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With the microprinter, we have the case of something old and something new. It can be two different things, depending on the context. Let's start with the old.
A microprinter is a device that prints paper copies of microfilm or microfiche "pages." The irony in this is that, as technology continues to improve and allow better and more high-quality printing of such images, the number of images that continue to be available on microfilm or microfiche is dwindling severely, especially in the wake of the digital revolution pioneered by computerized databases and Internet storage facilities. Nonetheless, microprinters exist.
Most microprinters have certain common features, with add-ons varying according to manufacturer. One common feature is a magnification lens. This lens can have a number of settings, or it can have full-on zoom capabilities. Think of a camera or microscope that has such options, and you'll understand the microprinter lenses.
Magnification is especially important if the original images presented on the microfilm or microfiche are small to begin with. This is the same sort of problem with printing images from a website or a digital camera: If the original image is small, it is usually of a low resolution, certainly lower than most standard printers. Trying to blow the image up to a viewable size on a standard size sheet of paper is usually an exercise in frustration. A microprinter's magnification lens solves this problem, however, rendering an image eminently viewable and printable at a size large enough to distinguish relevant details.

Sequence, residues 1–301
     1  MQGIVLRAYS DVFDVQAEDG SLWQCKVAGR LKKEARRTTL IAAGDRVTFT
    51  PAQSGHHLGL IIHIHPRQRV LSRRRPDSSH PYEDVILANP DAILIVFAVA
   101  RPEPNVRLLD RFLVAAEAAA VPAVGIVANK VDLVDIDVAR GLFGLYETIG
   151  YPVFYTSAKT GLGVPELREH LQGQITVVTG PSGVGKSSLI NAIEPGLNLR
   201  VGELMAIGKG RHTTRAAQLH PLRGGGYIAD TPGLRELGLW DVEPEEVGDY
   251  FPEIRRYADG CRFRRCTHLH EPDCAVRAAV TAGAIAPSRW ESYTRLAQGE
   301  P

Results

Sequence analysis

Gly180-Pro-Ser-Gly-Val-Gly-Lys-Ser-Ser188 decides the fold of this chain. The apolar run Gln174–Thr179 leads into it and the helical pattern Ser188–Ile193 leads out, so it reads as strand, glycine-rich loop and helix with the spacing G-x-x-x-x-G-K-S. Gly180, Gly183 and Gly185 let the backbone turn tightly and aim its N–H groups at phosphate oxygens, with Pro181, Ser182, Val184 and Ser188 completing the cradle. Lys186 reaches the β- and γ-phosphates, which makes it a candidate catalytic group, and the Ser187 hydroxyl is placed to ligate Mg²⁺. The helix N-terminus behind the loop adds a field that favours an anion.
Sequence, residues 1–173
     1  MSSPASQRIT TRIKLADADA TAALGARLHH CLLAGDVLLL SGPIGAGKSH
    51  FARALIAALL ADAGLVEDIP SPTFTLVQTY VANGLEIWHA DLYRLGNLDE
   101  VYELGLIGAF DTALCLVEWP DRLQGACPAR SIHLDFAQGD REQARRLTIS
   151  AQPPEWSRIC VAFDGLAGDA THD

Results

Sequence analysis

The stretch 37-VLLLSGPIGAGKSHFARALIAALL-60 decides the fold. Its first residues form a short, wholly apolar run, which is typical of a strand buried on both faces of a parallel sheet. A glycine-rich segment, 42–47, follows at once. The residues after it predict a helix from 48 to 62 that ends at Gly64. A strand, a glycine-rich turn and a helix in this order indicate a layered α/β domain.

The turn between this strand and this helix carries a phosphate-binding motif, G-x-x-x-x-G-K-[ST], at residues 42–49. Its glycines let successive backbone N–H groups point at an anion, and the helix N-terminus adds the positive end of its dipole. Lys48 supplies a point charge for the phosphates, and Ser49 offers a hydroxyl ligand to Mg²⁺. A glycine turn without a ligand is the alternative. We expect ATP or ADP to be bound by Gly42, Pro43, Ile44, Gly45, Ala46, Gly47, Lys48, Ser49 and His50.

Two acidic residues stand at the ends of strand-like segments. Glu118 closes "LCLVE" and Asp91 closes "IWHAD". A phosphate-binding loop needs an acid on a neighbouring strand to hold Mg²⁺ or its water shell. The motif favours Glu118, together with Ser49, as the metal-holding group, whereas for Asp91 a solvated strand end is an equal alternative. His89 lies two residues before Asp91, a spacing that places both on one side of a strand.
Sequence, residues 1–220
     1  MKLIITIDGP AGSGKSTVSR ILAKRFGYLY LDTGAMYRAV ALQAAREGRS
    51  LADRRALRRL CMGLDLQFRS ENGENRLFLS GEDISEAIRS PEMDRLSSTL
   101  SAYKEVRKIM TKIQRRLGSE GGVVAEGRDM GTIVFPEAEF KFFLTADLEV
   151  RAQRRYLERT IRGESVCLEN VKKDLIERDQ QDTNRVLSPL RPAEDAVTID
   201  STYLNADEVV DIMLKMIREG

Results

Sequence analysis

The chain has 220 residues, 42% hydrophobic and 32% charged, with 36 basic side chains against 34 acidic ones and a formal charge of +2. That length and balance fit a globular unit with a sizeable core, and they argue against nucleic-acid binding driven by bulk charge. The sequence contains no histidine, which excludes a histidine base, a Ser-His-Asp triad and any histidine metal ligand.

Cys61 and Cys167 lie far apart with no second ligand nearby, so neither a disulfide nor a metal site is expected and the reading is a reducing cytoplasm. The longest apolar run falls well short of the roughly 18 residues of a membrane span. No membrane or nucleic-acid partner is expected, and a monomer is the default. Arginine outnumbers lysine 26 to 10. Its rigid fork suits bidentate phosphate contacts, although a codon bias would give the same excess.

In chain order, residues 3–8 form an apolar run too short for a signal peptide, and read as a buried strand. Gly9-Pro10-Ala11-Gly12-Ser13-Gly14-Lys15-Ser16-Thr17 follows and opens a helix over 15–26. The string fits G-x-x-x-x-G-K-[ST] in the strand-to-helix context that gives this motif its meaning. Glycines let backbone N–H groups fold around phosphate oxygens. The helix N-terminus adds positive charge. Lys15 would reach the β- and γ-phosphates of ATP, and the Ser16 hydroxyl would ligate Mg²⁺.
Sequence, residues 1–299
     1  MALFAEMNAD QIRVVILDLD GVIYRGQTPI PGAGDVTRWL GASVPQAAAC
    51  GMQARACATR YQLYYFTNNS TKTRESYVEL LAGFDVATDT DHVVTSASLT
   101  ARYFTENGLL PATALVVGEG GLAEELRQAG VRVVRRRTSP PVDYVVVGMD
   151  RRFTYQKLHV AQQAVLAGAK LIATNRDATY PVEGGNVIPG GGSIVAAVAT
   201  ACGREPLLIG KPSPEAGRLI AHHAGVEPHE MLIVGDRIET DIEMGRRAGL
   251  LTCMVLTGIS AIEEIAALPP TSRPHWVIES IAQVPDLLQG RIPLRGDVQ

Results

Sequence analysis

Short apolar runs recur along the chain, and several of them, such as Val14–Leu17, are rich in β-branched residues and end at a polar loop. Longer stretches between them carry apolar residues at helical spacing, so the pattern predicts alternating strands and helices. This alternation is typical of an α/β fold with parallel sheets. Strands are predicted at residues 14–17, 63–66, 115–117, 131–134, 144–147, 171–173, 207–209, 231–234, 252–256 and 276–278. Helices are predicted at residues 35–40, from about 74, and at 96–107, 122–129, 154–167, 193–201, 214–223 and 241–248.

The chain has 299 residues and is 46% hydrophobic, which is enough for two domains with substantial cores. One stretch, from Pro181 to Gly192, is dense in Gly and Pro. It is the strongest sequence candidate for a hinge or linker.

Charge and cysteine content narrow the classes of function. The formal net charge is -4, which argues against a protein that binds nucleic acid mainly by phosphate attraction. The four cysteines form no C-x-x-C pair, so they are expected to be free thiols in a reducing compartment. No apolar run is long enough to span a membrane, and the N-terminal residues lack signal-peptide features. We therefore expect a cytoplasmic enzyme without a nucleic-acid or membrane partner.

Now for the new. A microprinter is also a very small printer, designed to fit in your pocket, pocketbook, or laptop case. The microprinter is commonly in the shape of a pen or a cigar. Some microprinters can print on standard-size sheets of paper, while others are designed to print smaller. No matter the size, the paper feeds through a slot, and data transmitted from a computer or portable computing device is printed.
The original new-definition microprinters had cables just like their larger predecessors -- power cords and serial cords and such. Now, the common microprinter has just one cord, a power cord, and can even run on batteries. This microprinter connects to a laptop, PDA, mobile phone, handset, or other portable computing device via Bluetooth® or another wireless protocol.
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